It is well known that many conservative churches have removed themselves from urban America over the past several decades. My hunch is that the civil unrest and racial tensions had much to do with it. But I do not think that is a primary factor among holiness people today. I believe there are two other reasons.
The first is cultural illiteracy. In other words, it seems that we have been so far removed from urban life that we simply do not know how to tackle the challenges of the multi-cultural neighborhoods, pluralistic mindsets, and alternate lifestyles that characterize much of urban America.
A second reason is that it is (metaphorically) a long way from the city street to the church pew. We need to think about church outside the building. I believe the common person on the streets needs several points of connection between the street and the pew. Perhaps we should think less in terms of when church starts and begin asking where church starts.
We have a heritage of urban evangelism among the poor from Methodism, the Salvation Army, and holiness-church planting in previous generations. So why did we begin avoiding the city?
It is foreign. Most of us did not grow up in cities, so we have a small-town or rural comfort zone. We don’t really know what lies behind graffiti, vandalism, food stamps, high- school dropout rates, and signs that say, “Will work for food.”
The city is where sin seems at its worst with crime, addictions, and prostitution. There humanity is found in its worst conditions of helplessness and hopelessness. The city has danger, all the more intimidating because it is unfamiliar and exaggerated.
Yet the kingdom of God can come in the city, and the grace of God can redeem it. After all, the ultimate destiny of the redeemed is not the Garden of Eden restored, but a city whose builder is God.
Street meeting scenes in Phoenix, AZ, when I was in Bible college:
-- Leaving our car in a parking lot, we examined a friend’s car after seeing someone snooping around it. The “someone” chased us from the lot, wielding a large knife;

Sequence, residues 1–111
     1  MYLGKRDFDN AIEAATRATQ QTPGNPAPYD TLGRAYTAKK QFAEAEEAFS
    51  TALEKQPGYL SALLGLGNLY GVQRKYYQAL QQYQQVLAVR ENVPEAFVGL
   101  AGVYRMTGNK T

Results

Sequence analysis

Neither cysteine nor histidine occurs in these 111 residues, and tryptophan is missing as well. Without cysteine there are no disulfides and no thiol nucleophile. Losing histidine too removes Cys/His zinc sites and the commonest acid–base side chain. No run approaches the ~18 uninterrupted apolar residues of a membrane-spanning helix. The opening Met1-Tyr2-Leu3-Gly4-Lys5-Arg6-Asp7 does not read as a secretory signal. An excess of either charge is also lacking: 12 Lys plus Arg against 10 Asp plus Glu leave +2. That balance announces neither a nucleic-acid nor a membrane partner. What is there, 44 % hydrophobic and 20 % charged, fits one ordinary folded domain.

-- During our singing on the street corner a fight broke out. One man struck another, knocking him over the accordion case where Mary Ann had been sitting;
-- John rented a cheap hotel room for a man who said he needed a sleeping place. The man returned to the hotel, canceled the reservation, and used John’s money to buy alcohol;
-- After street meeting one night we took three guys to a revival service in our church. The warmth in the building affected their alcohol-blighted minds and they disrupted the meeting. We later found a liquor bottle in the men’s rest room.
Do we let such things overcome our concern for lost humanity?
Our backgrounds: Very few in our circles have grown up living in cities; we are naturally fearful of what we don’t know. We see cities in general (the inner city in particular) as areas to be avoided rather than opportunities to be seized.
Our misconceptions: Most people’s only picture of city ministry is a bearded guy pushing a shopping cart, sleeping under a bridge. While that is one face of city ministry, it is not the only one. If we approached the city humbly as students, we might learn that much of reality doesn’t fit our prejudice. Also, we don’t see it as “real missions;” we think that only happens overseas.
Our fear: Someone commented recently, “I wish my GPS had an ‘avoid that part of town’ feature; I’d use it.” While rebellion against God is everywhere, it is concentrated in the city. The results of sin are evident here - rioting in the street, a gunshot victim. It is much simpler to ignore that reality than to reach out to it.
This is a very important question. I believe that most of our churches are “too white” and that we need to reach beyond our social, ethnic, and cultural walls. However, we tend to find our significance in being respectable, white, suburban-based, somewhat “middle-class,” traditional churches – that is our comfort zone. We like to stay in the comfort zone because: 1) We lack vision for the cities, thinking them too scary. 2) We lack commitment to the cities, for there is little pizzazz or positive excitement – it’s mostly hard ministry work. 3) We excuse ourselves from the biblical examples of reaching cities by embracing the rationale that, “Nobody wants to hear the gospel today.” 4) Ministry in cities requires an uncomfortable paradigm shift in thinking and strategy. 5) Materialism clutches our minds, attitudes, money, etc. 6) I say this kindly, but in too many cases we simply don’t care. In short, we’re apathetic.
Most financial supporters do not want to give to "mission fields" within the borders of their own country. They are romantic givers, loving the idea that their money is going around the world, but not truly understanding the desperate need immediately around them.
The North-American Christian is busy with materialistic treasure hunting and the idea of down-sizing and moving to the inner city for the sake of the gospel has never crossed his mind.
Effective inner-city ministries operate in a way that flies in the face of traditional church methodology. This scares many because it is different than what they are used to. It smacks of "compromise" to them when in reality it is simply authentic disciple-making as Jesus commanded.
Inner-city ministry is messy and demands getting down where druggies, prostitutes, winos, and the homeless really live. Too few professed Christ followers are willing to subject themselves or their families to that kind of reality.